He has surrounded himself with photographs of his wife and two daughters, as well as his collection of Oakland Raiders memorabilia. A football player Herky bobblehead has a prominent spot amid the keepsakes.

It’s long been a tradition for Sacramento police chiefs to be sworn in at City Council chambers. Hahn chose instead to have his ceremony in the University Union Ballroom at Sac State, his alma mater. More than 1,000 people witnessed the joyous event.

“The council chambers wasn’t big enough, and I wanted to have it out in the community, as opposed to downtown, because we need to include all of our neighborhoods as we move forward as a city,” Hahn says. “Downtown is extremely important, and it’s really the hub of the city, but I wanted to give a little love to the neighborhoods. And I’m from Sac State.”

There was green and gold and plenty of blue in the University Union on Aug. 11 as Hahn was officially sworn in. Family, friends, law enforcement officers, and other guests were on hand for the occasion, including Sacramento State President Robert S. Nelsen and Sacramento Mayor Darrell Steinberg.

Hahn was sworn in as chief surrounded by his wife, his daughters, and his adoptive mother. In his remarks, he talked about growing up in Sacramento’s Oak Park neighborhood, the importance of community, and returning to the campus where he earned his degree.

“I can’t think of too many places that are more important to our city, and our community, and our youth, and the future of our community, than my alma mater, Sac State,” Hahn said.

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Once an ESL student, recent graduate begins her career as ESL teacher at Sac State

The daughter of Palestinian immigrants, Hannan Hawari MA ’17 (TESOL) grew up speaking Arabic, was placed in an English as a Second Language (ESL) classroom at an early age, and received early lessons about the importance of how not knowing a language can be a barrier to opportunity.

“I felt that barrier when I was younger and when I was growing up,” she says. “A lot of times, when I was with my mom, she wouldn’t have the right words to negotiate something on the phone, or ask about something at the store. It seemed like language was a very powerful tool.”

Today, she’s helping international students in Sacramento State’s English Language Institute (ELI) overcome that barrier, serving as an instructor and teaching American Language and Culture. ELI, run through Sacramento State’s College of Continuing Education, offers several programs throughout the year to help international students become stronger English speakers and learn about American culture to prepare them for study at a four-year college or university in the United States – often Sacramento State. Hawari also has spent time leading ELI’s Conversation Clubs, weekly meet-ups where ELI students can practice their language skills with Sac State students.

“Language is very powerful,” she says. “I feel like I’m giving them another tool. A powerful tool.”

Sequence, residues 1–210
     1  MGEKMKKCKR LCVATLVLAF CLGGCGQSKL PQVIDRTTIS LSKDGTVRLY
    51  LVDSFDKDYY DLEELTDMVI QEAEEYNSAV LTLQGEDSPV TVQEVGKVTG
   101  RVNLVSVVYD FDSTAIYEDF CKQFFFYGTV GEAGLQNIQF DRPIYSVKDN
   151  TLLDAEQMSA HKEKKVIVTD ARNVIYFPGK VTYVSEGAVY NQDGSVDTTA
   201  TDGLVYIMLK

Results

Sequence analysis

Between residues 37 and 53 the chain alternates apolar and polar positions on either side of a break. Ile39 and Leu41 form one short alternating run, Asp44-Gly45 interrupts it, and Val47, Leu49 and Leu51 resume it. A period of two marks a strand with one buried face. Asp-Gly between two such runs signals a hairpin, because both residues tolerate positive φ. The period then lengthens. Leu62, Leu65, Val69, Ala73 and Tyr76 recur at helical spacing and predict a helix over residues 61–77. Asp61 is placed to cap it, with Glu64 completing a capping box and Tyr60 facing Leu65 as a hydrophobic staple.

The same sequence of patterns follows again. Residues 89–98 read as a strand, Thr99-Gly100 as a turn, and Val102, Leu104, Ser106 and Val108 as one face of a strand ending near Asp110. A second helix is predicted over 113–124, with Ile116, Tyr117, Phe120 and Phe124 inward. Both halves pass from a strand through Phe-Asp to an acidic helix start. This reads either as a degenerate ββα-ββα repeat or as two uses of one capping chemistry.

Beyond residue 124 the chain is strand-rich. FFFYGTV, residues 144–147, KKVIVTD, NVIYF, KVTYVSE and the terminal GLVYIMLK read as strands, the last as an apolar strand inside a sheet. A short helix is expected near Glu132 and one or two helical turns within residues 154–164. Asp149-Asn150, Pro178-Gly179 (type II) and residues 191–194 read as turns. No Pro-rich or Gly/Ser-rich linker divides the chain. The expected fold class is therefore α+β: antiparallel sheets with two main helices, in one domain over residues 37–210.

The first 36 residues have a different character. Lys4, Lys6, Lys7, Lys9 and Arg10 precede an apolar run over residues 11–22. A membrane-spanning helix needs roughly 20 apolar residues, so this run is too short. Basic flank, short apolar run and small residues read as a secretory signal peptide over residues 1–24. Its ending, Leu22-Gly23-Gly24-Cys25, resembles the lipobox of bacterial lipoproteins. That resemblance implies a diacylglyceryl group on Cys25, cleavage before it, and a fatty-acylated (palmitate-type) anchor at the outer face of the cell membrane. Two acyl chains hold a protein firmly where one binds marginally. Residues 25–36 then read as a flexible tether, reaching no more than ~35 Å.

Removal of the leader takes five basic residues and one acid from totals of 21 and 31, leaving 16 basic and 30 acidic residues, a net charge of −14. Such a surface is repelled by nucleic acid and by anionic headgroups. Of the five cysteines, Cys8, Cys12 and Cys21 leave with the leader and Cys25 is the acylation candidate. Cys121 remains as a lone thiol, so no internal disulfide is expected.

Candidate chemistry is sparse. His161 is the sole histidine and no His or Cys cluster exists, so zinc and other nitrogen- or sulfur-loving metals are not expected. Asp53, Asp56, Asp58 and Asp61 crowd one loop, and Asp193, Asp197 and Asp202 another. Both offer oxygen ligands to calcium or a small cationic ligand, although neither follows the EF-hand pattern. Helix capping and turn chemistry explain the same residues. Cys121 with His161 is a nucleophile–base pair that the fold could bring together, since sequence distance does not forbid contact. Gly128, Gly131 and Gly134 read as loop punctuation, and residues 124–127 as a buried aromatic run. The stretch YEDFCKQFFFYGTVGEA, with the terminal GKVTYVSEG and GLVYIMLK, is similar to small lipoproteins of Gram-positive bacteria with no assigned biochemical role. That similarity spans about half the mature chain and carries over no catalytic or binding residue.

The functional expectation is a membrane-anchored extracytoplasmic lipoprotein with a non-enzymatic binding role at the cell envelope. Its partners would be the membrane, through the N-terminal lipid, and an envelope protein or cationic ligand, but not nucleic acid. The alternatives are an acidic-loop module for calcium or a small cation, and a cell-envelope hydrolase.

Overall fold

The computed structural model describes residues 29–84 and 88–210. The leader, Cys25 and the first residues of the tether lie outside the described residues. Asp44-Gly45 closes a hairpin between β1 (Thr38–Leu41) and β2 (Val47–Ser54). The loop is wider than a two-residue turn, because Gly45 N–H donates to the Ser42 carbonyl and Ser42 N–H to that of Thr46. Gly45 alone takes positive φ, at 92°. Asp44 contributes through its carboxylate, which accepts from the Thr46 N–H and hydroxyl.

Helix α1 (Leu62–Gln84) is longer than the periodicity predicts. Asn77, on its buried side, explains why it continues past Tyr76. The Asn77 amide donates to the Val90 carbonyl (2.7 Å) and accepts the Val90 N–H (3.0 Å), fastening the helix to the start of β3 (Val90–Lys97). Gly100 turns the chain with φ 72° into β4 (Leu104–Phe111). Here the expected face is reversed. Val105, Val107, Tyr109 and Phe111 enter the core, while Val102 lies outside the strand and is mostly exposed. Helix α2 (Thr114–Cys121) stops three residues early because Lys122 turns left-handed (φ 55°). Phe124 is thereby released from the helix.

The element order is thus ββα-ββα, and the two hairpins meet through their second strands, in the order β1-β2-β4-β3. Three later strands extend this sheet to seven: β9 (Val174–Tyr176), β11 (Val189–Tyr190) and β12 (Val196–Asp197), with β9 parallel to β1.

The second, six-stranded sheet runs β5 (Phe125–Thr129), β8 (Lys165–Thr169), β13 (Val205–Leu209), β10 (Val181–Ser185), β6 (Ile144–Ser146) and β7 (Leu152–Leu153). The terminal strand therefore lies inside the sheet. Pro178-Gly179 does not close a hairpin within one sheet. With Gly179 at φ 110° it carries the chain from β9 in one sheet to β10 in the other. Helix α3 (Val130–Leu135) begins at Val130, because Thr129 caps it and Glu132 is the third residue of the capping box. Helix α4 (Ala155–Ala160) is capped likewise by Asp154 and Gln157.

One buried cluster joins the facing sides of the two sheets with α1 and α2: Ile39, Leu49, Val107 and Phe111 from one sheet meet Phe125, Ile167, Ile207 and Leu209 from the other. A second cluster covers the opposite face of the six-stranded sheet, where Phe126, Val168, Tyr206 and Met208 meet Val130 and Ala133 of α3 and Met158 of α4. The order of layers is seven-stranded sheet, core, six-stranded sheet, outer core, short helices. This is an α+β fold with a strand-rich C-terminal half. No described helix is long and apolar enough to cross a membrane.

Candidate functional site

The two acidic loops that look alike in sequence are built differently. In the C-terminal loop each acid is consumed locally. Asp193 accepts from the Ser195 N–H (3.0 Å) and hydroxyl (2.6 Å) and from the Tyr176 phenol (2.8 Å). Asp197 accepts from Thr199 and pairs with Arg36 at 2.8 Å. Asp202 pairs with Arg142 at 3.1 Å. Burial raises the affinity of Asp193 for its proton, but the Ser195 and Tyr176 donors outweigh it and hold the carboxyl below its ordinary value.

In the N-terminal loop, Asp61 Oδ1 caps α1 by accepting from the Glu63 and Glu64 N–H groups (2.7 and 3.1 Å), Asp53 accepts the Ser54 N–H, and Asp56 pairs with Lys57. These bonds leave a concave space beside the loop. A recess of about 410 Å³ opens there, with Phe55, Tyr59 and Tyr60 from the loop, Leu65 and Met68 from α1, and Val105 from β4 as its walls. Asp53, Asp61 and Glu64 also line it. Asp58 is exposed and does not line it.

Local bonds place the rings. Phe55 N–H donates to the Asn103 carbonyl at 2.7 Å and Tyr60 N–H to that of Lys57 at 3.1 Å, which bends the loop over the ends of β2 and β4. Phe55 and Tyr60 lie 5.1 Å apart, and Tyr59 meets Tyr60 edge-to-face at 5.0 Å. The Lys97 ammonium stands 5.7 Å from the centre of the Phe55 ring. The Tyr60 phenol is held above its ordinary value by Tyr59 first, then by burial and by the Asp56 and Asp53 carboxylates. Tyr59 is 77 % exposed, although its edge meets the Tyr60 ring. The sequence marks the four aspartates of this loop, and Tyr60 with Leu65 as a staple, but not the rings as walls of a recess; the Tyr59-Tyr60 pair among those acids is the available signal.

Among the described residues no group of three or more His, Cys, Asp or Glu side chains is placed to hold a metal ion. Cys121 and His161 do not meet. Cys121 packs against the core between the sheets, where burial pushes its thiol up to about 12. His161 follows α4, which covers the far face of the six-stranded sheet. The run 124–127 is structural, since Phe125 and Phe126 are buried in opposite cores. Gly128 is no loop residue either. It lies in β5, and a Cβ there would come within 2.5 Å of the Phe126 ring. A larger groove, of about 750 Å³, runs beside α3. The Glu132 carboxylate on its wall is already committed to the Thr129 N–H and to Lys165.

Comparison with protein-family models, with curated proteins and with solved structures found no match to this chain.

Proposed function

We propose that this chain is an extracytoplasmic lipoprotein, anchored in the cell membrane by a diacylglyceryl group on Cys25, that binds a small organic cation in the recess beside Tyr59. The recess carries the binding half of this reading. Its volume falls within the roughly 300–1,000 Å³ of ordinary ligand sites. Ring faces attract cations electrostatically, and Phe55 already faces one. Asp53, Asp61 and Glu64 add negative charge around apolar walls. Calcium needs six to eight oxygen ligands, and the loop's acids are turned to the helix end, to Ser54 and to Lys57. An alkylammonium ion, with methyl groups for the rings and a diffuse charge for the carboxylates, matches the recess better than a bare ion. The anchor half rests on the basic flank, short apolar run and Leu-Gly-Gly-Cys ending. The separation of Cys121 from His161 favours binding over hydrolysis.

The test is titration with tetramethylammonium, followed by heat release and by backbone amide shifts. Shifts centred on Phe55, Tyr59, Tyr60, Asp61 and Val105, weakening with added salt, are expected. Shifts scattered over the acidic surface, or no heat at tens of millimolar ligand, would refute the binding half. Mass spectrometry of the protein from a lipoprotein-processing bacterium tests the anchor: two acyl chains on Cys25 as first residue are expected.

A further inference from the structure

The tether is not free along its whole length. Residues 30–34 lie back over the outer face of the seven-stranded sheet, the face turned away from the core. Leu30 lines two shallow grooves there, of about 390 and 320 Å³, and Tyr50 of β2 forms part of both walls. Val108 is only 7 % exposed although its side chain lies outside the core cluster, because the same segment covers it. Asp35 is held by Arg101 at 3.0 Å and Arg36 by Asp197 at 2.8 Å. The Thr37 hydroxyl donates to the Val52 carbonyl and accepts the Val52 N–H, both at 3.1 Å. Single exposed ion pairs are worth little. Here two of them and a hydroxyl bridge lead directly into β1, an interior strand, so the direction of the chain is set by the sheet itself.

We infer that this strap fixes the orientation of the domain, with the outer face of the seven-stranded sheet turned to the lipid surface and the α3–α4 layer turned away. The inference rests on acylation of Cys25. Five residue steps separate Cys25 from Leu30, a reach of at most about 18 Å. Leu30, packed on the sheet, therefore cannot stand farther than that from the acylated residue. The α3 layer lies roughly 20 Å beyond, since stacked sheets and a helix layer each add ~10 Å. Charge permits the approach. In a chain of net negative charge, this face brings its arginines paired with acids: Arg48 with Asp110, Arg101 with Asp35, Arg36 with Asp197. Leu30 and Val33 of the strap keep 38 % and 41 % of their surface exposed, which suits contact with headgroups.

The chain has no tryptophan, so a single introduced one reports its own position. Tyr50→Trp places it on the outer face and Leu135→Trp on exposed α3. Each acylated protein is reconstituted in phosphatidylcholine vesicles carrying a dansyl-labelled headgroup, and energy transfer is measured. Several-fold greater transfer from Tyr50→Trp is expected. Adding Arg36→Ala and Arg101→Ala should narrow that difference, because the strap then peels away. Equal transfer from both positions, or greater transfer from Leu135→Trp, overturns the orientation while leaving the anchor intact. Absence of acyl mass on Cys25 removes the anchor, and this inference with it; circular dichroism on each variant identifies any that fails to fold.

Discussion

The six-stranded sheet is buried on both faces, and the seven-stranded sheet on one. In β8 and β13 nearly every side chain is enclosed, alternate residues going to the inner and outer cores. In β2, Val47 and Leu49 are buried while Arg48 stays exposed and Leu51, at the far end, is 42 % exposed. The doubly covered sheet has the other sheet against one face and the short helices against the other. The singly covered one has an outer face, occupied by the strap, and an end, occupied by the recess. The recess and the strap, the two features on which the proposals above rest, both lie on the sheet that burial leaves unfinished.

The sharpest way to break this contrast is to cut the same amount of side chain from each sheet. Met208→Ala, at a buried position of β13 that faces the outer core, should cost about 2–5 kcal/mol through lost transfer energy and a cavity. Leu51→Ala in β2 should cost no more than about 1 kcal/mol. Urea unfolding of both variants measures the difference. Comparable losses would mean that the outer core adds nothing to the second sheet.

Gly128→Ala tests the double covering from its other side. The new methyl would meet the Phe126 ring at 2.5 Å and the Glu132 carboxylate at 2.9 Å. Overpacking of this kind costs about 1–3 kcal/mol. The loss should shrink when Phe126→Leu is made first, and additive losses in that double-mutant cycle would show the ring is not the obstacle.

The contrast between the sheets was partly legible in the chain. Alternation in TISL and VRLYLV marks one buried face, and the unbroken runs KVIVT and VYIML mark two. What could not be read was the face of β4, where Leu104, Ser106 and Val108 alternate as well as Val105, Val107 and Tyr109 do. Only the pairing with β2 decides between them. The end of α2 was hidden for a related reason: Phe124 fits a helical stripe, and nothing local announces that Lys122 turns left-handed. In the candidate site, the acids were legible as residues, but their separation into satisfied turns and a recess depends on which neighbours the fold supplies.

Hawari grew up loving reading, writing, and school. A Stockton native, she earned her undergraduate degree in English literature at nearby University of the Pacific before enrolling at Sacramento State for her master’s in TESOL (Teaching English to Speakers of Other Languages) – combining her lifelong passion for learning with her first-hand knowledge of the power of language.

She came to Sacramento State for the same reason many others do: access and opportunity. The University was nearby, affordable, and allowed her the flexibility to continue working. Plus, her brother already was at Sac State as an undergraduate. But the campus quickly became much more than a place to get a degree.

“I felt like (Sac State) was the place where I truly grew. There are a lot of services for students as well as a strong, inclusive community,” Hawari says. “It seemed to be a very diverse campus. There were a lot of people I felt were like me, who had the same struggle, and were first-generation college students. There seemed to be a real acceptance of that on this campus and it felt like a good environment to be in.”

Working at the University Writing Center and as an instructor for a first-year composition course provided her with real-world experience tutoring and teaching. She also worked off campus at a private learning center in Stockton and as an intern with ELI, where she also volunteered with Conversation Club.

“That was a wonderful program that helped me build my knowledge of how to teach ESL speaking and listening skills,” Hawari says. “It gave me valuable practice in classroom management and standing in front of the class.”

She ultimately was hired to teach summer courses with ELI and hopes to continue in the fall. Longer term, she plans to continue working with adult ESL students, perhaps at the K-12 level, or perhaps even abroad: Her bigger goal is to return to her parents’ home, Palestine, to teach English.

In the meantime, Hawari is cherishing the opportunity to share both her experience with the power of language and her passion for teaching and learning with students from across the globe.

“I feel like I’m a part of them because I’m kind of that in between where I’m not really American, I’m not really Arab,” she says. “I understand the struggle of coming to a different place and having to feel like a foreigner. They have their own culture and they’re excited to share it, but at the same time they’re excited to learn so much more about American culture. I just love the idea of teaching and being part of their language experience.”